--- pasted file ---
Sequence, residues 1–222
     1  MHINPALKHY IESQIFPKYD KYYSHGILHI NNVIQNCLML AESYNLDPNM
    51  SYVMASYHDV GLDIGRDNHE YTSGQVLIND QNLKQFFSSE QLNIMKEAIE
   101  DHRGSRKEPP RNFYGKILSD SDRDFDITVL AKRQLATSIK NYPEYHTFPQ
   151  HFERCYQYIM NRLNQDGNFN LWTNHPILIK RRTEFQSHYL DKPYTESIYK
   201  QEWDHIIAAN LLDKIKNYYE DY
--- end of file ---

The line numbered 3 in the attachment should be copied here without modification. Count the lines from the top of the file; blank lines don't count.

    51  SYVMASYHDV GLDIGRDNHE YTSGQVLIND QNLKQFFSSE QLNIMKEAIE